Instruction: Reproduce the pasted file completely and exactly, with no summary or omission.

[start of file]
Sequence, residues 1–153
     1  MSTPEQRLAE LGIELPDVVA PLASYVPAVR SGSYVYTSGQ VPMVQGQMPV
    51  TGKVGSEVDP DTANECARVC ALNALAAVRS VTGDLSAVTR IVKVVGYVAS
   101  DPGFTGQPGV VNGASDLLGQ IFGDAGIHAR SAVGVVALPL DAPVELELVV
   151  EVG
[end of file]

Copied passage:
Sequence, residues 1–153
     1  MSTPEQRLAE LGIELPDVVA PLASYVPAVR SGSYVYTSGQ VPMVQGQMPV
    51  TGKVGSEVDP DTANECARVC ALNALAAVRS VTGDLSAVTR IVKVVGYVAS
   101  DPGFTGQPGV VNGASDLLGQ IFGDAGIHAR SAVGVVALPL DAPVELELVV
   151  EVG